Federal law requires some employers to pay their workers for the time that they are not working. They must generally pay their employees for their time if they control how the workers spend their time. This compensation might be for the time that you spend traveling for your company and the time that you spend on call. However, you will generally not be entitled to be paid for time that you spend commuting. The attorneys at Swartz Swidler can help you to understand what time is compensable.
Payments for sleeping
If you work for a company that requires workers to work 24-hour shifts, there are some situations that might entitle you to be paid for the time that you sleep. Some of these types of jobs include caregiving, ambulance drivers, and guards. These workers are usually given time to sleep during their shifts.
The Wage and Hours Division of the Department of Labor states that workers who work for less than 24 hours in a shift must be compensated for the entire time. This means that if you are scheduled to work for 22 hours and spend four hours sleeping, you must be paid for the entire 22-hour period. When shifts last 24 or more hours, workers and their employers can agree to an eight-hour period during which you can sleep. Your employer must offer adequate facilities for sleeping. These 8 hours will not be paid since you will not be under your employer’s control. However, if you are called away from sleeping, you will be paid for the time that you spend working. If you are unable to get at least five hours of sleep during the eight-hour period, your employer must pay you for the entire eight hours.
Compensation for on-call time
If you spend time at work while you are on call and are waiting for an assignment, you are entitled to be paid. You must be paid for the time that you are required to remain at your worksite whether you are actually working. If you are required to be on call while you are elsewhere, you will have to be paid for the times during which you have little control over your time or activities. Employers may place a number of restrictions on their on-call workers, including the following:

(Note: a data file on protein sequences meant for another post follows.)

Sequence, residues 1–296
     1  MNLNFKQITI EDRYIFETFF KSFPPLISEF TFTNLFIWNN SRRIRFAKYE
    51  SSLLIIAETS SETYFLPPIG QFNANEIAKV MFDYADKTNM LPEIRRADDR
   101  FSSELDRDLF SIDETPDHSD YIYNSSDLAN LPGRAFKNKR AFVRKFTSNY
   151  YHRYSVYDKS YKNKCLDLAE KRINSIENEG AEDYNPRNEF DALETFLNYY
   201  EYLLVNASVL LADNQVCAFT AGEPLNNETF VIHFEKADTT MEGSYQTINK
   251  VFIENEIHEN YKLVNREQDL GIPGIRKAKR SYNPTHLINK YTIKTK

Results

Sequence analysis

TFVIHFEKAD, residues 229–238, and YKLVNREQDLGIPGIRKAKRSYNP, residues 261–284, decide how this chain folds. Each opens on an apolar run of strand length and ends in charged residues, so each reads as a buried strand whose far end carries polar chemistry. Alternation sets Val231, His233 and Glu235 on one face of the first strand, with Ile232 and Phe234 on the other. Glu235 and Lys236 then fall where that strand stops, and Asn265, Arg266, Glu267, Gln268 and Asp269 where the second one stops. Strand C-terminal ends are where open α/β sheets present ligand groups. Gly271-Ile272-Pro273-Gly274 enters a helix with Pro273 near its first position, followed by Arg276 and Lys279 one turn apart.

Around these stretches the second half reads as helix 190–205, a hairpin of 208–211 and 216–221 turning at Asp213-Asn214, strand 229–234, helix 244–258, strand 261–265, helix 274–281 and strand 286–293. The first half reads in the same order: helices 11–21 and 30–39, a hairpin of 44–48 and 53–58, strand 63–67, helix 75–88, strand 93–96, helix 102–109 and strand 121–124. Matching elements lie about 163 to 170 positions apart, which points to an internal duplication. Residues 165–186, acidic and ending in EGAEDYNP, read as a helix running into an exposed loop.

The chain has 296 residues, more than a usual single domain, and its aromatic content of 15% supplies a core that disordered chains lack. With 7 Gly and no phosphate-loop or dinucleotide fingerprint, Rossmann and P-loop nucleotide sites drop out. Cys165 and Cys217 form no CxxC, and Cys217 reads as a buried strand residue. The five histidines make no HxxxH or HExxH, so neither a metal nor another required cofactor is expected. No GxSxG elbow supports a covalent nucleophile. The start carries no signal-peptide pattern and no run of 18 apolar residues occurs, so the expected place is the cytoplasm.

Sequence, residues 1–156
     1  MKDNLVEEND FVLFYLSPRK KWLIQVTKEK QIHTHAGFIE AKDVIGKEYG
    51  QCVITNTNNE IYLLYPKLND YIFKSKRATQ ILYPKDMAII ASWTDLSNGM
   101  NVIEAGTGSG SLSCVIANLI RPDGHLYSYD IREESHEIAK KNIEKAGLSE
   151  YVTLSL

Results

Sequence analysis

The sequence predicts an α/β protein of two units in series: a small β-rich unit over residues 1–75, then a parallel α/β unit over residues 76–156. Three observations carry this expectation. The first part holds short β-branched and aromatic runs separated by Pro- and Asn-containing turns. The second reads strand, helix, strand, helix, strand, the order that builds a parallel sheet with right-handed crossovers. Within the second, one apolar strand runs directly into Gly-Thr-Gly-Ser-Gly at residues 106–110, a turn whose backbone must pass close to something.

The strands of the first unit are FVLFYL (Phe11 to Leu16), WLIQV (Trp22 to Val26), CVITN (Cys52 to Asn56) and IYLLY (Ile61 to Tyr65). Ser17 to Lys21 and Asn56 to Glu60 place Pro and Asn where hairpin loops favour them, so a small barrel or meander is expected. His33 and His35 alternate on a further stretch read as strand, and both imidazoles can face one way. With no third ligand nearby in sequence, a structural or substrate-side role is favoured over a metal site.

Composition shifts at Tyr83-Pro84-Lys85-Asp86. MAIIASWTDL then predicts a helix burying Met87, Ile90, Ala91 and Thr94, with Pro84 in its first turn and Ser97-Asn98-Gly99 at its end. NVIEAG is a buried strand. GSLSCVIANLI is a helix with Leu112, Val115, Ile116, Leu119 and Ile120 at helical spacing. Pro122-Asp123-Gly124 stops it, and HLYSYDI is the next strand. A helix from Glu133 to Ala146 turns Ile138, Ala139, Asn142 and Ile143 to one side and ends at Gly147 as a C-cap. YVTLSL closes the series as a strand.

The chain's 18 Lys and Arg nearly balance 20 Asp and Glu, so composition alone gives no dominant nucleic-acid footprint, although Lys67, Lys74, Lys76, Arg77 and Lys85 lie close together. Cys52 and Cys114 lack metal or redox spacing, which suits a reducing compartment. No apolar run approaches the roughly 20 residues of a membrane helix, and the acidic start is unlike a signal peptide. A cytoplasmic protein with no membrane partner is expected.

- Not drinking alcohol
- Having to remain within a specific distance from your job
- Not working for other jobs during your on-call time
- Wages for training and education
If your employer requires you to attend job training or education, you must be paid for the time that you spend in training or in the seminars. You should also be paid for the time that you spend traveling to and from the training location.
Wages for travel time
You are not entitled to be paid for your commuting time. However, if you are required to go to several different job locations during the day, your employer will likely have to pay you for the time that you spend traveling to them. You might also be paid for time that you spend traveling to your job when you are called in on an emergency. Finally, if your employer requires that you take transportation that is sponsored by the employer from a central area with other workers, you might be paid for the travel time.
Wages for rest breaks and meal breaks
In some states, employers must provide workers with rest breaks and meal breaks during the day, depending on how long they work. In New Jersey, however, employers are not required to provide meal or rest breaks to adult employees. They must provide workers who are under the age of 18 with a 30-minute break after the workers have worked for five hours. Employers who do offer breaks must pay for any that are shorter than 20 minutes.
Talk to the lawyers at Swartz Swidler
If you believe that your employer should have paid you for certain times when you weren’t working, you might want to talk to an attorney. Contact Swartz Swidler today to schedule a free consultation.